20 July 2011
Posted in DinoDigs
A discovery from Montana’s Hell Creek Formation leads researchers to believe the Triceratops may have been the last dinosaur standing. At 65 million years old, the rhinoceros-like, three-horned Triceratops would be the youngest dinosaur known to man. The dino’s age falls into the Cretaceous-Tertiary (K-T) period where scientists believe all non-avian, or non bird-like, dinos became extinct. This finding could prove the “3-meter gap” theory false.
The 3-meter gap theory suggests dinosaurs gradually died out before the K-T event 65 million years ago. Those who support this theory believe a meteor couldn’t have killed all the dinosaurs at once because there is a segment free from any fossils. The recent discovery at Hell Creek seems to prove that theory wrong. According to the article on Discovery News, The Hell Creek Triceratops “was not only found within that 3-meter region, but it also exists at the upper reaches of it, proving that at least one dinosaur and presumably more were still alive when the meteorite blasted into Chicxulub, Mexico.” Thus, the opposing theory to the 3-meter gap suggests dinosaurs went extinct in masses because a meteor struck their homeland.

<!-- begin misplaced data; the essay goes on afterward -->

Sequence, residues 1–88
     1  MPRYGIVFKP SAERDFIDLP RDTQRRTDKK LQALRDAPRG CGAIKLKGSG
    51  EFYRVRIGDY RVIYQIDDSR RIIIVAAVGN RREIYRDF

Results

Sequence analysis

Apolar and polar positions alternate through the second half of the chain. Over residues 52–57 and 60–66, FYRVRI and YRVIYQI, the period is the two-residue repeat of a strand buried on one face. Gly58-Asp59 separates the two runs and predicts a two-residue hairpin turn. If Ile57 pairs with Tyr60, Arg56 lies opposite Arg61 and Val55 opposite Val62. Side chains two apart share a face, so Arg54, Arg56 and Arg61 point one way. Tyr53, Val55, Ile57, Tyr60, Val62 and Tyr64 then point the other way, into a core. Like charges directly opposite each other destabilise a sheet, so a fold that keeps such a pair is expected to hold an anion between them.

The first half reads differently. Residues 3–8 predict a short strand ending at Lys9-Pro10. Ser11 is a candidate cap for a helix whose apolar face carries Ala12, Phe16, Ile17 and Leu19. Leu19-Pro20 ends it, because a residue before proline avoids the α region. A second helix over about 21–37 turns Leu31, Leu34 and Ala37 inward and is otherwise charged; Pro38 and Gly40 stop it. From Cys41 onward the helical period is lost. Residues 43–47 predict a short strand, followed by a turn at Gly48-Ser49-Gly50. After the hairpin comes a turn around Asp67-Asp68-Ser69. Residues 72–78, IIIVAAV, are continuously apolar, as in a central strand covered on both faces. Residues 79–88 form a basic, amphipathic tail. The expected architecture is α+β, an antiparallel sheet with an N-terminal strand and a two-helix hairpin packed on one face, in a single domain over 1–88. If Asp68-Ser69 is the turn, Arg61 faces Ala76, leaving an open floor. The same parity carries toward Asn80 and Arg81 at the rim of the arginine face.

Researchers are still discovering fossils of small mammals that lived after the KT event in the Montana area. The mammals, including hoofed condylarths and rodent like multiuberculates, had to adapt and relocate after the dinosaurs went extinct. Why certain creatures survived the K-T extinction may never be known but science suggests their diet had something to do with it. Dinosaur extinction is a mystery waiting to be solved. Archeologists and researchers are continually looking to solve the case, so discoveries like the Triceratops in Montana are helpful pieces added to the puzzle.